Publications Database

Welcome to the new Schulich Peer-Reviewed Publication Database!

The database is currently in beta-testing and will be updated with more features as time goes on. In the meantime, stakeholders are free to explore our faculty’s numerous works. The left-hand panel affords the ability to search by the following:

  • Faculty Member’s Name;
  • Area of Expertise;
  • Whether the Publication is Open-Access (free for public download);
  • Journal Name; and
  • Date Range.

At present, the database covers publications from 2012 to 2020, but will extend further back in the future. In addition to listing publications, the database includes two types of impact metrics: Altmetrics and Plum. The database will be updated annually with most recent publications from our faculty.

If you have any questions or input, please don’t hesitate to get in touch.


Search Results

Eugene Furman, Adam Diamant, Murat Kristal (2021). "Customer Acquisition and Retention: A Fluid Approach for Staffing", Production and Operations Management , 30(11), 4236-4257.

Open Access Download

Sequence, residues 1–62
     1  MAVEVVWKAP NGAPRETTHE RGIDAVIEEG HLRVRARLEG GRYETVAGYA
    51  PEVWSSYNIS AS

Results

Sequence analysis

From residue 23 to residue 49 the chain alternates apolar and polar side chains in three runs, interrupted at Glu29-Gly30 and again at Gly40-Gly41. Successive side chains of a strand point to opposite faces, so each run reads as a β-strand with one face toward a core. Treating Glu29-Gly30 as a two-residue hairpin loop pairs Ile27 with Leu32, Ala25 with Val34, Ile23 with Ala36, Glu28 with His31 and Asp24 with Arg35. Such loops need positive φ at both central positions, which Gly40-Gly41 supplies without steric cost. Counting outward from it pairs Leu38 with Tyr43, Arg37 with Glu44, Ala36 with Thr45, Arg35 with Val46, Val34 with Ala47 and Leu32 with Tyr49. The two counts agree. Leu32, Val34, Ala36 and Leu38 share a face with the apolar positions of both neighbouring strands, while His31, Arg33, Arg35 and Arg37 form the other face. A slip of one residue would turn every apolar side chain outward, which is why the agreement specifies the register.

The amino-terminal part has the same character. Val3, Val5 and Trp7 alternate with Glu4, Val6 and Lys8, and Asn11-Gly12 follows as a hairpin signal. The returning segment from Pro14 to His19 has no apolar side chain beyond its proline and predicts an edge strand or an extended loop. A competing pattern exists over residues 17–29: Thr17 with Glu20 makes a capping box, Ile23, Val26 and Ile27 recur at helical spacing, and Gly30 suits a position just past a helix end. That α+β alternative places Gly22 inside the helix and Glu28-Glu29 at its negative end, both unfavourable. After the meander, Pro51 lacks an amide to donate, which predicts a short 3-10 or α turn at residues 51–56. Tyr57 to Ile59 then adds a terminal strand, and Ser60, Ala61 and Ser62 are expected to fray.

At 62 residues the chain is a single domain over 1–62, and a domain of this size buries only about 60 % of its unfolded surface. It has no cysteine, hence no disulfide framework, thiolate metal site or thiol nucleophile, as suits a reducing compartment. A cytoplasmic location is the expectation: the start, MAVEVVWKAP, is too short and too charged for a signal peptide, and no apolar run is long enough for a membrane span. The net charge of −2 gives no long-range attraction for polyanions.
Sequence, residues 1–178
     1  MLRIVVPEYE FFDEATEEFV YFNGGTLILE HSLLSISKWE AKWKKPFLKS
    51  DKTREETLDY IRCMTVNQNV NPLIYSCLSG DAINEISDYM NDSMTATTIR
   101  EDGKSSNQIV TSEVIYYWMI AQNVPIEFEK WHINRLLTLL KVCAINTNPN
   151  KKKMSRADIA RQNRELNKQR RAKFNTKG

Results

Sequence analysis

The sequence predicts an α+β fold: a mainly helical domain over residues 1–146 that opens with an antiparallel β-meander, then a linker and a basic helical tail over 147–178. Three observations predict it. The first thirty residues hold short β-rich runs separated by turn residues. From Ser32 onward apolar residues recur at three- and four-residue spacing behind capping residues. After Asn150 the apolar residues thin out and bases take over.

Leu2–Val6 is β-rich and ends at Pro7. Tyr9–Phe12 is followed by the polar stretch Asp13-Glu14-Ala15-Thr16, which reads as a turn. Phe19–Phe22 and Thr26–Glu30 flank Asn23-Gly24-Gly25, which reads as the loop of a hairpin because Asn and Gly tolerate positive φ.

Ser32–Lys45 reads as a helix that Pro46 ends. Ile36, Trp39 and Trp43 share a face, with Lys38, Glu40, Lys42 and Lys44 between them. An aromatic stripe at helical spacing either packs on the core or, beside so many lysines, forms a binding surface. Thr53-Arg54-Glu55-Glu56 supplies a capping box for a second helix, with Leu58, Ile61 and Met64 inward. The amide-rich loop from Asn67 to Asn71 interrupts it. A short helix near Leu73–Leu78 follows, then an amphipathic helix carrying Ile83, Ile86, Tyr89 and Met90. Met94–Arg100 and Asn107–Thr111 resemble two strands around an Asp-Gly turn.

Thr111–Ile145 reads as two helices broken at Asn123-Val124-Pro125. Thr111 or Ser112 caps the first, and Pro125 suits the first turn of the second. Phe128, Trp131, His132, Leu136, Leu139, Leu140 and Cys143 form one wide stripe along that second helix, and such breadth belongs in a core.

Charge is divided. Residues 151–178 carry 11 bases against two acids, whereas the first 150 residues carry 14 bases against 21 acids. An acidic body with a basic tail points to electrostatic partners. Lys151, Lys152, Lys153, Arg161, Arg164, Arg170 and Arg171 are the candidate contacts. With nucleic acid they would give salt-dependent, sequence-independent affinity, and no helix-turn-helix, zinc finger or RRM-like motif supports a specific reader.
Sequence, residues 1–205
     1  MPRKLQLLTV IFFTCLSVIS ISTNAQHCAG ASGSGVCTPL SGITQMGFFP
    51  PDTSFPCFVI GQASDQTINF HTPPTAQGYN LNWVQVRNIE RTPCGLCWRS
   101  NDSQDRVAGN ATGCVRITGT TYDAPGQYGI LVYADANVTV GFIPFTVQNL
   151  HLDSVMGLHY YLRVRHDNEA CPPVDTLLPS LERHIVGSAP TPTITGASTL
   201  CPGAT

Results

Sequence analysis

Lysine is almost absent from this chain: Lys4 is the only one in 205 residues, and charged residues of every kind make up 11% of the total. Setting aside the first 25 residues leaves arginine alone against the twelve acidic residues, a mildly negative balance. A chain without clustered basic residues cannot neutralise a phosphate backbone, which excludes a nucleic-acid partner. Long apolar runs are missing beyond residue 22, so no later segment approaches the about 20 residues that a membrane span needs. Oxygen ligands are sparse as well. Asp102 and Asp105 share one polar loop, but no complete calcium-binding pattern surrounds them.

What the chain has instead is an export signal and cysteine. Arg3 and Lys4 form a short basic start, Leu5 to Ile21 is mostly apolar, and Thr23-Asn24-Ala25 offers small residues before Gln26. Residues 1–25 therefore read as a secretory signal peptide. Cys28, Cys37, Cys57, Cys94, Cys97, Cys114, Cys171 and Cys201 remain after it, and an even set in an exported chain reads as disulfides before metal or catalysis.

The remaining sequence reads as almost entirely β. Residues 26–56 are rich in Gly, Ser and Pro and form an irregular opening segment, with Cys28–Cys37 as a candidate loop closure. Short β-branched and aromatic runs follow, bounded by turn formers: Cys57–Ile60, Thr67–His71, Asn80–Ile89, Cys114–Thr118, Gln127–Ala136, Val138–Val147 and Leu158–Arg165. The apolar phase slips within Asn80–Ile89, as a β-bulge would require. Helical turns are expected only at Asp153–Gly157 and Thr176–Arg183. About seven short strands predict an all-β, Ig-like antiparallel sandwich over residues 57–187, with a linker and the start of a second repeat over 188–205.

Abstract We investigate the trade-off between acquisition and retention efforts when customers are sensitive to the quality of service they receive, i.e., whether they get timely access to a company's resources when requested. We model the problem as a multi-class queueing network with new and returning customers, time-dependent arrivals, and abandonment. We derive its fluid approximation; a system of ordinary linear differential equations with continuous, piecewise smooth, right-hand sides. Based on the fluid model, we propose a novel approach to determine optimal stationary staffing levels for new and returning customer queues in anticipation of future time-varying dynamics. Using system accessibility as a proxy for service quality and staffing levels as a proxy for investment, we demonstrate how to apply our approach to two families of time-varying arrival functions motivated by real-world applications: an advertising campaign and a clinical setting. In a numerical study, we demonstrate that our approach creates staffing policies that maximize throughput while balancing acquisition and retention efforts more effectively (i.e., equitable abandonment from each customer class) than commonly used near-stationary methods such as segmentation-based square-root staffing policies. Our model confirms that acquisition and retention efforts are intimately linked; this has been found in empirical studies but not captured in the operations literature. We suggest that in time-varying environments, focusing on either alone is not sufficient to maintain high levels of throughput and service quality.